/ Roads / Drone Video Footage Helps Washington State Engineers Monitor Unstable Rock Slide Area

Drone Video Footage Helps Washington State Engineers Monitor Unstable Rock Slide Area

Parul Dubey on March 29, 2017 - in Roads

When part of a steep hillside gave way March 13 in southwestern Washington and emptied debris onto part of State Route 503 near Woodland, the Washington State Department of Transportation needed to assess slope conditions before trying to clear the road.

So engineers sent up an aerial drone, which delivered video (below) that helped showed how unstable the hillside might still be.

The next day, the department issued a press release saying: “Due to heavy rainfall, the slope continues to move and there is concern of additional rocks and debris falling.” It added that using a drone, “WSDOT geotechnical engineers inspected the hillside and are working to develop a permanent repair.”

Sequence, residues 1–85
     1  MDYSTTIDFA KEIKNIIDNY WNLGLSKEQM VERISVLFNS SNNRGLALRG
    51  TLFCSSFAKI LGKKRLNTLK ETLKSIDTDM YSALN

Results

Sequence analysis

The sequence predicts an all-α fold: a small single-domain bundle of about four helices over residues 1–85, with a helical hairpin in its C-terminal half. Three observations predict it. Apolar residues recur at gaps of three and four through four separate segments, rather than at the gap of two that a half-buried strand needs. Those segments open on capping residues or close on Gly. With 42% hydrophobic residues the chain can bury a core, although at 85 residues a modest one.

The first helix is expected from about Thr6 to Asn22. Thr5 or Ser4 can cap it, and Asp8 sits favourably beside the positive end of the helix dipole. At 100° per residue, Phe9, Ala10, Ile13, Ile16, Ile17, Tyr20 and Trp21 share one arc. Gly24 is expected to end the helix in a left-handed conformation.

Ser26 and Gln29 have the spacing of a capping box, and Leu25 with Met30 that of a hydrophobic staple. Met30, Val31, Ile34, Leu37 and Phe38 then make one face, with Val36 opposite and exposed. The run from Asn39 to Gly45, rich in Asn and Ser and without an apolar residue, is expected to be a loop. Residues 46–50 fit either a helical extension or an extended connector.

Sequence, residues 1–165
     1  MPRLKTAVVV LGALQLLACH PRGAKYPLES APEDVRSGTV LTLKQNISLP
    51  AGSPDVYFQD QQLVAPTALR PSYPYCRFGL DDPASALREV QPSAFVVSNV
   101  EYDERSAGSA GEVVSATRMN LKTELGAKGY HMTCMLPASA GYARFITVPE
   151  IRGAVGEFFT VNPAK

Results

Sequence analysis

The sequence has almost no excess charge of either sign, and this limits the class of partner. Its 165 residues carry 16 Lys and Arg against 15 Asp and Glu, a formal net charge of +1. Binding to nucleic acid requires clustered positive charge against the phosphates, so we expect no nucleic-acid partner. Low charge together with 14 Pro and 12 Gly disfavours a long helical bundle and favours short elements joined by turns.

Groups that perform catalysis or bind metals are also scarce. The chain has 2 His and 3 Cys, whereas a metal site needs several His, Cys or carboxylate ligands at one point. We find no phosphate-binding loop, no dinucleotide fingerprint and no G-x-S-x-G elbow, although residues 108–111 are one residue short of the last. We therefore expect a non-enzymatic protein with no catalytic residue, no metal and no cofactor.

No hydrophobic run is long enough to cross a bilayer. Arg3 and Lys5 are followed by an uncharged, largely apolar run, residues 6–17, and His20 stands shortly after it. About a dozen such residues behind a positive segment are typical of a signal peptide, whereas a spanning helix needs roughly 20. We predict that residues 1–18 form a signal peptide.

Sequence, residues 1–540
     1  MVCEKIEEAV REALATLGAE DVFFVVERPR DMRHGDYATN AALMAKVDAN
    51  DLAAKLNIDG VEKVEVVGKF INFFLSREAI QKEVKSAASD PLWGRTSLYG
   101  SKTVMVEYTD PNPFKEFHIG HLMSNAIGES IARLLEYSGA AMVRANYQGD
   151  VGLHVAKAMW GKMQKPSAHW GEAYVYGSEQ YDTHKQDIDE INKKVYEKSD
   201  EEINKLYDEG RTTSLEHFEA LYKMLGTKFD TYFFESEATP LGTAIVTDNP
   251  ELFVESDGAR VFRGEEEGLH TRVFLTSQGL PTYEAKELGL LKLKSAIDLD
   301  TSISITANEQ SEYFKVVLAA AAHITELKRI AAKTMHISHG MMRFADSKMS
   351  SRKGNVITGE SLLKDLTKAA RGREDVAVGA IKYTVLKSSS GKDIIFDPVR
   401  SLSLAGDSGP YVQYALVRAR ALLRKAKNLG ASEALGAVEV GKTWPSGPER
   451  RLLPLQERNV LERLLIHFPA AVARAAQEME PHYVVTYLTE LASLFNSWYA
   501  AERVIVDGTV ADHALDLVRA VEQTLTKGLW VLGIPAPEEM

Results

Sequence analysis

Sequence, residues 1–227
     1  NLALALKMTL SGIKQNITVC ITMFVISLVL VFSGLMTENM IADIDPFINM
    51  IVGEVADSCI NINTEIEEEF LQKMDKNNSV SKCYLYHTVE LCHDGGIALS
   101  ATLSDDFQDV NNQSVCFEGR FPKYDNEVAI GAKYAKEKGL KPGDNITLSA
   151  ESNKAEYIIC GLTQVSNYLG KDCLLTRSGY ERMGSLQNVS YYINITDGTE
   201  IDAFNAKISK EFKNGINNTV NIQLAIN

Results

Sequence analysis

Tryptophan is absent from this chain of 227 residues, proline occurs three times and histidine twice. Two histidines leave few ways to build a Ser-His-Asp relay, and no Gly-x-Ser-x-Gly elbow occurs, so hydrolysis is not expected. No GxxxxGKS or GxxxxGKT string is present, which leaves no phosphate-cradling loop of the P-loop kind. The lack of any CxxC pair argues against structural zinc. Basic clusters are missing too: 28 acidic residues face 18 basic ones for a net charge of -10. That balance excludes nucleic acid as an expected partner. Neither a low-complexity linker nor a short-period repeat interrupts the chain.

Not that it would be quick, since engineers had to wait on weather and would need to determine if the project would require slope stabilization work to make the area safe as well as debris removal to just get the lanes open again.

On March 17 the department issued another update, warning area drivers to expect detours “throughout the spring,” as conditions remain too unstable to begin repairs.

“Drivers who travel to the areas near the north end of Lake Merwin and Yale Lake will need to add extra time in their trips throughout the spring,” it said. “With recent assessments of the hillside above State Route 503 near Speelyai Bay Road revealing additional movement near the cliff face, and the potential for large rock slabs to fall on to the highway, the [WSDOT] will keep the road closed for an indeterminate amount of time.”

The agency said that for the next few weeks it will monitor movements of the hillside and incorporate the additional data into a construction contract that will stabilize it and remove unstable rock and debris.

“We want to begin cleanup and repair work as soon as possible,” said WSDOT project engineer Lori Figone. “Once access is safe, we’ll have a clearer picture of the extent of the repair work and the timetable to get the job done.”

Here is the drone’s silent video footage that the department made available.

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